Barauni Refinery in the Bihar state of India was built in collaboration with the Soviet Union at a cost of Rs.49.4 crores and went on stream in July, 1964. The initial capacity of 1 MMTPA was expanded to 3 MMTPA by 1969. The present capacity of this refinery is 6.100 MMTPA. A Catalytic Reformer Unit (CRU) was also added to the refinery in 1997 for production of unleaded motor spirit. Projects are also planned for meeting future fuel quality requirements.
Barauni Refinery was built in collaboration with Russia and Romania. Situated 125 kilometres (78 mi) from Patna, it was built with an initial cost of Rs 49.40 crore. Barauni Refinery was commissioned in 1964 with a refining capacity of 1 million metric tonnes per annum (MMTPA) and it was dedicated to the Nation by the then Union Minister for Petroleum, Prof. Humayun Kabir in January 1965. After de-bottlenecking, revamping and expansion project, its capacity today is 6 MMTPA. Matching secondary processing facilities such Residue Fluidized Catalytic Cracker (RFCC), Diesel Hydro treating (DHDT), Sulphur Recovery Unit (SRU) have been added. These state of the art eco-friendly technologies have enabled the refinery to produce environment- friendly green fuels complying with international standards.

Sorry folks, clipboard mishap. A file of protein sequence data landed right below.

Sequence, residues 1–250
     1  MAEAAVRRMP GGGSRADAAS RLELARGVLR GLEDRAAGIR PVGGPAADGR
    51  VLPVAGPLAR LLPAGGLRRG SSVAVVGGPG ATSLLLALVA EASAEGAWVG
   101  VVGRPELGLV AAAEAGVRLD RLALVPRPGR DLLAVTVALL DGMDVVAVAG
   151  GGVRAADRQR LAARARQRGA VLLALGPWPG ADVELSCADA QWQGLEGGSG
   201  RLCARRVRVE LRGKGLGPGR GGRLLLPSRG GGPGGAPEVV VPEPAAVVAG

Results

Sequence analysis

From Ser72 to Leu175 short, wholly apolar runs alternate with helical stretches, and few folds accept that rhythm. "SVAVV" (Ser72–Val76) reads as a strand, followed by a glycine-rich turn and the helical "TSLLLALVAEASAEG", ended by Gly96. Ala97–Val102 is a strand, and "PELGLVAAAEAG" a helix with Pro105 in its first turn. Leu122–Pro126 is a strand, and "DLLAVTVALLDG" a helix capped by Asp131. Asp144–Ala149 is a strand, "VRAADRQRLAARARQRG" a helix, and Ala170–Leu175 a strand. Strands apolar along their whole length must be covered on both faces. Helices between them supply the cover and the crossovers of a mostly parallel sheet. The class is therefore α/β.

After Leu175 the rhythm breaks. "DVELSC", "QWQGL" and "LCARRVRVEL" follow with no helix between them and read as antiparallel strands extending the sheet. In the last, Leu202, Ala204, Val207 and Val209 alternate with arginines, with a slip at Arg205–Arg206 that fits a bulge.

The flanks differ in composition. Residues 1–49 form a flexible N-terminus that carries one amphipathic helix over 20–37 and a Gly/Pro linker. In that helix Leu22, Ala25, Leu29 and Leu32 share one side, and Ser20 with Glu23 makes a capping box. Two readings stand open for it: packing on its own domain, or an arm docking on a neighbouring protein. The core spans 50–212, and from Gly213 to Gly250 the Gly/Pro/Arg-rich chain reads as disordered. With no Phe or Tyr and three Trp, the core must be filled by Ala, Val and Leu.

Barauni Refinery was initially designed to process low sulphur crude oil (sweet crude) of Assam. After establishment of other refineries in the Northeast, Assam crude is unavailable for Barauni . Hence, sweet crude is being sourced from African, South East Asian and Middle East countries like Nigeria, Iraq and Malaysia. The refinery receives crude oil by pipeline from Paradip on the east coast via Haldia. With various revamps and expansion projects at Barauni Refinery, capability for processing high-sulphur crude has been added — high-sulphur crude oil (sour crude) is cheaper than low-sulphur crudes — thereby increasing not only the capacity but also the profitability of the refinery.